The Carter administration, stung by a U.S. District Court ruling that bars it from punishing violators of its anti-inflation wage guideline, joined the AFL-CIO yesterday in seeking a swift appeals court resolution of the dispute.

In a heavy blow to the administration's already battered guidelines program, U.S. District Court Judge Barrington Parker ruled Thursday that President Carter exceed his authority by threatening guideline violators with denial of federal contracts.

Parker signed an order yesterday enjoining the administration from enforcing the sanction against violators of the wage standard. But, at the request of the AFL-CIO, the agreement of the Justice Department, Parker delayed implementation of the order until next Wednesday. This was done to give both sides time to arrange an expedited appeal.

After the Justice Department filed notice of appeal with the U.S. Court of Appeals here, the two sides asked the appeals court to approve a fast-track schedule that would culminate in a hearing June 18 and presumably a decision shortly thereafter.

They told the court that they would agree to extend the stay pending a decision if the expedited schedule is approved.

The appeals court is expected to act on the joint request early next week.

Meanwhile, administration officials reported no immediate consensus on what to do if Parker's ruling is upheld. Although congressional sources reported feelers from the administration about legislation to authorize the sanctions, officials said the discussions did not reflect a high-level decision to seek legislation.

In any case, congressional reaction to any kind of wage-price control legislation is cool, if not hostile, according to House and Senate sources.

The procedural cooperation between the AFL-CIO and Justice Department apparently reflects a decision to avoid legal maneuvers or delaying tactics in favor of joint action to get a swift resolution of the issue - which the two sides described in their joint motion as one of "extraordinary public significance."

Partly as a result of the AFL-CIO's agreement to endorse a stay of Judge Parker's order, the administration's high-level "collective bargaining group" - composed of senior economic officials - agreed tentatively yesterday not to use the contract denial penalty while the stay was in effect.

"But we made it clear we were going to do whatever else we could to assure compliance during this period," said one of the participants. "We are committed to the guidelines and to seeing that they are followed." He added the administration probably will be doing more "jawboning and finger-pointing" than it has in the past.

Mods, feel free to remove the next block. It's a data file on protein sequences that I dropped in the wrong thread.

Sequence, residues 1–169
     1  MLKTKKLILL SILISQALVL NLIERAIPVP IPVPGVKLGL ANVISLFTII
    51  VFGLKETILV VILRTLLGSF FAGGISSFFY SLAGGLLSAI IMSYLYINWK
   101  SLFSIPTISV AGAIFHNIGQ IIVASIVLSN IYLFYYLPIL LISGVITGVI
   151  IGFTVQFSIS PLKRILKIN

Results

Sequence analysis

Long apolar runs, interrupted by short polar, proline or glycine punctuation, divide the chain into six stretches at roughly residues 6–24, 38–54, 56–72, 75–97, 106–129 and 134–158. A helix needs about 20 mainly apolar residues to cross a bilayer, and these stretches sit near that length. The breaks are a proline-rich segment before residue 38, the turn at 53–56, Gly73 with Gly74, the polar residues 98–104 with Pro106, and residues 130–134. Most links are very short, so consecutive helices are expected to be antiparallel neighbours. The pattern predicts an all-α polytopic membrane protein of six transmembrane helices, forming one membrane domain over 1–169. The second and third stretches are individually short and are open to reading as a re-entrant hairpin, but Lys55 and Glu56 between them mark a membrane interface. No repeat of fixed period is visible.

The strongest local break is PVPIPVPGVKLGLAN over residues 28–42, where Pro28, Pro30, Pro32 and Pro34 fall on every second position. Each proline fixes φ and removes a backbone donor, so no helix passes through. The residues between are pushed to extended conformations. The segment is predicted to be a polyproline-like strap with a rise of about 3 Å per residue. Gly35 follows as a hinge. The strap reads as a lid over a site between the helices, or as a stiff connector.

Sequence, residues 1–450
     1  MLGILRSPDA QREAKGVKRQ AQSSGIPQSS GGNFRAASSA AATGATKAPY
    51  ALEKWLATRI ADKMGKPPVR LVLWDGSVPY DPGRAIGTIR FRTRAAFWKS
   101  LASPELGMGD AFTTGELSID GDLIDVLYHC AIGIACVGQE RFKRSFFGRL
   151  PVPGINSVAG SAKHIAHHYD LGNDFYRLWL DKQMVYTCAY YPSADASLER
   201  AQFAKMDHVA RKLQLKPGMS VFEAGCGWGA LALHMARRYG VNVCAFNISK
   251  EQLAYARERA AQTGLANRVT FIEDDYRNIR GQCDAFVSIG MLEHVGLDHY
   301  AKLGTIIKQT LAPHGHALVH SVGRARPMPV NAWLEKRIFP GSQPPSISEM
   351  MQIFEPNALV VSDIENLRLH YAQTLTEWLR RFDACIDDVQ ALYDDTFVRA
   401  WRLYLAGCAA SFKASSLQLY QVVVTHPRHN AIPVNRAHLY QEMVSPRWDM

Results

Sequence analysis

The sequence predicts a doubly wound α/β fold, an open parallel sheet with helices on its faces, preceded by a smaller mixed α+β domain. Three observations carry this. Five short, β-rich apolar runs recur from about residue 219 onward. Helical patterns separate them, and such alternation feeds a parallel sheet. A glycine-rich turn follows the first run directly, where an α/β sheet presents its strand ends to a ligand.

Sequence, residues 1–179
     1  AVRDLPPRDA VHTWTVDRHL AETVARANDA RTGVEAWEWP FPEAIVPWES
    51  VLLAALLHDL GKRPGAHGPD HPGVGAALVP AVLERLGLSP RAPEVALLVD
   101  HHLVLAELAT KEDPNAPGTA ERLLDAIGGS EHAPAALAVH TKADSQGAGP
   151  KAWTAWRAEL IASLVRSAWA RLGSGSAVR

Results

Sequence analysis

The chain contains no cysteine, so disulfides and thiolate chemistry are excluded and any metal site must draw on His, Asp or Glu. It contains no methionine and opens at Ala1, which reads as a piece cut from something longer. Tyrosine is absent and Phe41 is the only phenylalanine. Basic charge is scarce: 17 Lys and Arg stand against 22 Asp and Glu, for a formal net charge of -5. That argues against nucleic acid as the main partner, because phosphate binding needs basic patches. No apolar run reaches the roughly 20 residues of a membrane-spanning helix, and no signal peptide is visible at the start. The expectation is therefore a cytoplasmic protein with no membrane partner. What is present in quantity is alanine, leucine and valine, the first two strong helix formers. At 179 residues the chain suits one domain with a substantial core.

The procurement sanction, imposed shortly after Carter announced his guidelines program last fall, denies any federal contracts of $5 million or more to companies that violate either the wage or the price guidelines.

Although Judge Parker found no legal validity for enforcing either of the guidelines by economic penalties, he restricted his injunction yesterday to the pay standard, which seeks to limit wage and beneft increases to 7 percent a year.

He apparently did this because the AFL-CIO did not challenge enforcement of the price standard. "Let them hire their own lawyers," said an AFL-CIO official yesterday, nodding in the direction of the U.S. Chamber of Commerce headquarters.

Even before Parker's ruling, the 8-month-old guidelines program was reeling from persistently mounting inflation, now running at a rate that, if it continues, could be nearly 14 percent this year, and union demands for more than 7 percent a year to keep pace with soaring prices.

Although administration officials characterize the procurement penalties as less important than bad publicity for violators, they say they want the sanctions in place as an added deterrent against the risk of guidelinesbusting settlements by several big unions this spring and summer, winding up with the powerful United Auto Workers in September. A first test could come with the United Rubber Workers. That union resumes negotiations Tuesday with Uniroyal Inc. after a three-week strike and bargaining impasse over the guidelines.

While the AFL-CIO is seeking mandatory wage, price and profit controls, the administration has thus far adamantly ruled out any controls program and was described yesterday as weeks away from a decision on what revisions to make in its guidelines program, which expires in the fall.

Among those discouraging any attempts to enact sanctions through legislation were Sen. William Proxmire (D-Wis.) and Rep. Henry S. Reuss (D-Wis.), chairmen of the two congressional banking committees.

"The Congress is not receptive to mandatory price-wage controls of any kind," said Reuss. "Since the court has declared that denial of contracts amounts to mandatory controls, I would say that settles that, assuming the decision is upheld."

Said Proxmire: "There is strong opposition to any form of wage and price controls and this is viewed as at least a half-step in that direction."